City to clean up Frankford and Tulip encampments in new plan to combat opioid crisis

The city’s new plan is divided into seven different “mission areas,” each of which are run by different organizations within the city government.

Thursday afternoon, Mayor Jim Kenney unveiled the Philadelphia Resilience Project, a new plan to combat the opioid crisis, at the Emergency Operations Center in the Fire Administration Building on the 200 block of Spring Garden Street. The new plan includes the cleanups of the remaining homeless encampments on Frankford Avenue and Tulip Street.

“Despite the best efforts and investments by the city, it’s become apparent that our current approach is not working,” Kenney said at the news conference. “We must take on a new strategy to tackle these complex issues. New partnerships must be forged and new resources must be brought to bearing.”

The city’s new plan is divided into seven different “mission areas,” each of which are run by different organizations within the city government. Each agency has immediate goals they hope to complete in the coming weeks, short-term goals they hope to complete by the end of the year, and long-term goals they hope to complete by mid-summer 2019.

Mission Area 1: Clear Encampments (led by Office of Homeless Services)

Immediate (by Nov. 16, 2018)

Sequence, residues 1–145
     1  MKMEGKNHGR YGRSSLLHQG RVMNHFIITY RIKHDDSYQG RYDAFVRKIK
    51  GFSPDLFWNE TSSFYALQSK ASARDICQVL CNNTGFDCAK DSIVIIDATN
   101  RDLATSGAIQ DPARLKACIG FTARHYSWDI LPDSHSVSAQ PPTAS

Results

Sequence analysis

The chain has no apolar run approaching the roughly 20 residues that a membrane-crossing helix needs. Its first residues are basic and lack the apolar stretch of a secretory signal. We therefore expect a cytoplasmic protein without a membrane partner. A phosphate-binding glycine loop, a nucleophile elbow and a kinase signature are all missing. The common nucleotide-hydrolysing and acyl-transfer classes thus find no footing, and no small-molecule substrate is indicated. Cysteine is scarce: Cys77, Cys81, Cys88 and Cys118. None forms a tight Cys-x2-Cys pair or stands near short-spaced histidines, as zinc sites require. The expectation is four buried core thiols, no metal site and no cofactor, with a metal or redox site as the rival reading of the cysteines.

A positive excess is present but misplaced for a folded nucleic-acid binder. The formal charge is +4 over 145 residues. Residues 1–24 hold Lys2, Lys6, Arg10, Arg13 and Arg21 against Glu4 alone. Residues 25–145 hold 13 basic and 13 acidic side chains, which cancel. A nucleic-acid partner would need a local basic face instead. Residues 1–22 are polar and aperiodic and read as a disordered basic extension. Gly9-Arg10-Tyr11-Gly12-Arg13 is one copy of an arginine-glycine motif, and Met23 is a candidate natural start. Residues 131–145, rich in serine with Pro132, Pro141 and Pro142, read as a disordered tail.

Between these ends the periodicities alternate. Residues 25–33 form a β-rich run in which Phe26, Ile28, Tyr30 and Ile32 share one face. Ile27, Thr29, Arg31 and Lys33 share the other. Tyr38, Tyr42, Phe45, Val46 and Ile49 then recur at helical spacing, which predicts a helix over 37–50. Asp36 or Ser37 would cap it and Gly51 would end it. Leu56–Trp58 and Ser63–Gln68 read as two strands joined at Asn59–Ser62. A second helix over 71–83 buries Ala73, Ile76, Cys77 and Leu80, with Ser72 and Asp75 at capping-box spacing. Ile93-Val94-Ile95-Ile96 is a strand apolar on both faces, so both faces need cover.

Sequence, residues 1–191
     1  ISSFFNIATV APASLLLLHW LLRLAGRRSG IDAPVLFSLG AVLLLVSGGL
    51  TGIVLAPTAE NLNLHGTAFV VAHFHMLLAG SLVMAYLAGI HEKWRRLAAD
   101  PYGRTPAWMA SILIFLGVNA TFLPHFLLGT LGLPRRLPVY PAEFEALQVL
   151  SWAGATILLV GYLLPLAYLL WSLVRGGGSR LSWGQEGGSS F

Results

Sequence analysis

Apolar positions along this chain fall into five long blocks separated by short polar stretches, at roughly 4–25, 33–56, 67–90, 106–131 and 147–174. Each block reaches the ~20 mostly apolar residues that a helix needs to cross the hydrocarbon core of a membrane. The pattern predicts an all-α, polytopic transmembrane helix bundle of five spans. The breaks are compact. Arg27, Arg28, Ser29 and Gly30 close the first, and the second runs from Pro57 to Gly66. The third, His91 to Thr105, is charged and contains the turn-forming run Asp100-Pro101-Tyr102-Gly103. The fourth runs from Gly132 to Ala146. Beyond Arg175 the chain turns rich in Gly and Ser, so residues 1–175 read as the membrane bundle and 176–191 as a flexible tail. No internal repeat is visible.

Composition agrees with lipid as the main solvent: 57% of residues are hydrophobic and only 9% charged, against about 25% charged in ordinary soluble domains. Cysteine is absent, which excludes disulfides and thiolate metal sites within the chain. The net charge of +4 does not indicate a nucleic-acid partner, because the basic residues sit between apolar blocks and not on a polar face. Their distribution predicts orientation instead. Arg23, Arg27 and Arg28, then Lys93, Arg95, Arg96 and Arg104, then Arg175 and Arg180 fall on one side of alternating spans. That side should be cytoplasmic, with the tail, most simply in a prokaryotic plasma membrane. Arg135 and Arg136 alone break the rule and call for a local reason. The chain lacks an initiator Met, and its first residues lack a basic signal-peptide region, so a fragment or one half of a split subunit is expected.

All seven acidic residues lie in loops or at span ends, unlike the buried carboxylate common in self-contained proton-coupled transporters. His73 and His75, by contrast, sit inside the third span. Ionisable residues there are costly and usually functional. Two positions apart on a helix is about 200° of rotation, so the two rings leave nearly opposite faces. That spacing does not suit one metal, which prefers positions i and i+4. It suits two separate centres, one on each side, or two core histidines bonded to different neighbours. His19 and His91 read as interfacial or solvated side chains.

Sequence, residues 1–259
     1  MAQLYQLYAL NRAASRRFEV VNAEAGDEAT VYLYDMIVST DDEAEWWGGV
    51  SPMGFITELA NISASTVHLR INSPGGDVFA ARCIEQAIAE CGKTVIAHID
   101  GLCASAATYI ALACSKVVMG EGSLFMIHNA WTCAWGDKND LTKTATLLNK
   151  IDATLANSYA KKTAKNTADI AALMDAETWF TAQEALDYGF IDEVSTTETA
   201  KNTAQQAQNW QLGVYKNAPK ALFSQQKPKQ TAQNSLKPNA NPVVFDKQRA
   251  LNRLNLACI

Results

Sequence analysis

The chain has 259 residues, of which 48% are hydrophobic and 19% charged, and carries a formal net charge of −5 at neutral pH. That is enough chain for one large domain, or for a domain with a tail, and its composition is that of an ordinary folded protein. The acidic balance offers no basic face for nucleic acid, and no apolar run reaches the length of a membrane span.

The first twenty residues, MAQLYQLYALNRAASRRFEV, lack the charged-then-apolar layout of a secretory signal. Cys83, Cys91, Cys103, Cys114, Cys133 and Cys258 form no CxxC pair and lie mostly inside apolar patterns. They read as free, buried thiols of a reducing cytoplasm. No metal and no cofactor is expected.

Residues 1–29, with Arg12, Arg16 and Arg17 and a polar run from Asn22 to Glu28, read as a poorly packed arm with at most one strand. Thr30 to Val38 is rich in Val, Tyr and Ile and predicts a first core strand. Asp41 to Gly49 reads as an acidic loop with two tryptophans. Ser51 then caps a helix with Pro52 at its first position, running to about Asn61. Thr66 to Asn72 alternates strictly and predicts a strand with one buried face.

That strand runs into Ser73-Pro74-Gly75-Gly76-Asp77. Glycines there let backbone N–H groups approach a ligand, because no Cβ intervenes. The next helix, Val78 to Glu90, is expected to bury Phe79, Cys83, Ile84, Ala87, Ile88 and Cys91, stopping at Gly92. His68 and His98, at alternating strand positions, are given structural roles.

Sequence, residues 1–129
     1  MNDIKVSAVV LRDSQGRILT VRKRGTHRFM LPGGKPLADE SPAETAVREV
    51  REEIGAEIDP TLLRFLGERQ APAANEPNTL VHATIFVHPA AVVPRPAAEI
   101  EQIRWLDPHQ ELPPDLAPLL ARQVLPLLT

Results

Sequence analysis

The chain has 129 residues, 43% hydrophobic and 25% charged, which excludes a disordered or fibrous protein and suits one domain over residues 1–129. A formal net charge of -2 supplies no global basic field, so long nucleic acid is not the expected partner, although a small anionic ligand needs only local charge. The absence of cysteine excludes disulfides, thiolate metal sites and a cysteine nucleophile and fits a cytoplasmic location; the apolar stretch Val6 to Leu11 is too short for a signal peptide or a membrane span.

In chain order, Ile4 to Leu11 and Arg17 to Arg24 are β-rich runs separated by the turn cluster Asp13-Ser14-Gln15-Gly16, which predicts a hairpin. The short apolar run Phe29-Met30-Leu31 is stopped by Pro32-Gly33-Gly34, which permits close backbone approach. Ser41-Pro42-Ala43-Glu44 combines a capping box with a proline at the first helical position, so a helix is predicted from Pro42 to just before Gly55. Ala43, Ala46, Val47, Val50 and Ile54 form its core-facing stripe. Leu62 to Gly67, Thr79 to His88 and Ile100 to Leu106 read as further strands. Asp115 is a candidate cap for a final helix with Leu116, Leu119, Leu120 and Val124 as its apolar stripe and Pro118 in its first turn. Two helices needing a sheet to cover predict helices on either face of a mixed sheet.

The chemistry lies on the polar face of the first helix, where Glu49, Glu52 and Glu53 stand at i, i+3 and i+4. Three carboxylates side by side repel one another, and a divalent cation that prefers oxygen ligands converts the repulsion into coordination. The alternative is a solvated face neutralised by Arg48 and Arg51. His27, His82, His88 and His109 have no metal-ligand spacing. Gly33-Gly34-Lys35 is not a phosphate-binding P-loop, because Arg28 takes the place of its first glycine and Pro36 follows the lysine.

• Clear Frankford Avenue encampment by Nov. 15
  • Prevent formation of new encampments on all vacant properties near the Frankford Avenue encampment

Short-term (by Dec. 31, 2018)

  • Begin outreach to clear Emerald Street Encampment by Jan. 15

Long-term (by June 30, 2019)

  • Develop strategy with stakeholders to prevent encampments from relocating or reforming

Mission Area 2: Reduce Criminal Activity (led by the Managing Director’s Office of Criminal Justice and Public Safety)

Immediate (by Nov. 16, 2018)

  • Increase safety measures for children using foot and bike patrols, and daily school checks
  • Create and strengthen existing Safe Corridor routes for travel to and from school
  • Implement Police Assisted Diversion program in East Police Division

Short-term (by Dec. 31, 2018)

  • Enhance federal and state partnerships to address narcotic supply and distribution

Long-term (by June 30, 2019)

  • Create and strengthen safe mass transit corridors

Mission Area 3: Reduce Unsheltered Population (led by the Office of Homeless Services)

Immediate (by Nov. 16, 2018)

  • Identify temporary site for 24-hour Navigation Center including respite and wrap-around social services

Short-term (by Dec. 31, 2018)

  • Explore intermediate housing inspired by Seattle’s use of Tiny Houses

Long-term (by June 30, 2019)

  • Examine affordable housing strategies that include family reunification and employment assistance

Mission Area 4: Reduce Trash and Litter (led by the Community Life Improvement Program)

Immediate (by Nov. 16)

  • Conduct large-scale cleanup along Kensington Avenue on Friday, Nov. 2
  • Place disposal containers at McPherson Square and targeted SEPTA stations
  • Provide a temporary Dumpster to support Frankford Avenue encampment closure
  • Recruit volunteers with lived experience to assist with regular cleaning
  • Use bicycles for mobile collection of discarded syringes

Long-term (by June 30, 2019)